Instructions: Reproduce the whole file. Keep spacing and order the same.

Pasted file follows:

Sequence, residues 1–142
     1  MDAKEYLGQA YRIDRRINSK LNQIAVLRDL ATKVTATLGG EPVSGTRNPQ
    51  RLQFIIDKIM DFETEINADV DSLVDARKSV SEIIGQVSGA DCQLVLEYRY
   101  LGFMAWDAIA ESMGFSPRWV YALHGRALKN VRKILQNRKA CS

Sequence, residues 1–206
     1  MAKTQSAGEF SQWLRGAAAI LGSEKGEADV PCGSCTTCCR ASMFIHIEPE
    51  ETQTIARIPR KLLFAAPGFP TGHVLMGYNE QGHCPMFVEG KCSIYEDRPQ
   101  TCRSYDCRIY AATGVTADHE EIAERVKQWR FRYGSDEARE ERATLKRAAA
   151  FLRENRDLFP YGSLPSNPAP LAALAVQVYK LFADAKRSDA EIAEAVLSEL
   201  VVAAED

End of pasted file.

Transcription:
Sequence, residues 1–142
     1  MDAKEYLGQA YRIDRRINSK LNQIAVLRDL ATKVTATLGG EPVSGTRNPQ
    51  RLQFIIDKIM DFETEINADV DSLVDARKSV SEIIGQVSGA DCQLVLEYRY
   101  LGFMAWDAIA ESMGFSPRWV YALHGRALKN VRKILQNRKA CS

Sequence, residues 1–206
     1  MAKTQSAGEF SQWLRGAAAI LGSEKGEADV PCGSCTTCCR ASMFIHIEPE
    51  ETQTIARIPR KLLFAAPGFP TGHVLMGYNE QGHCPMFVEG KCSIYEDRPQ
   101  TCRSYDCRIY AATGVTADHE EIAERVKQWR FRYGSDEARE ERATLKRAAA
   151  FLRENRDLFP YGSLPSNPAP LAALAVQVYK LFADAKRSDA EIAEAVLSEL
   201  VVAAED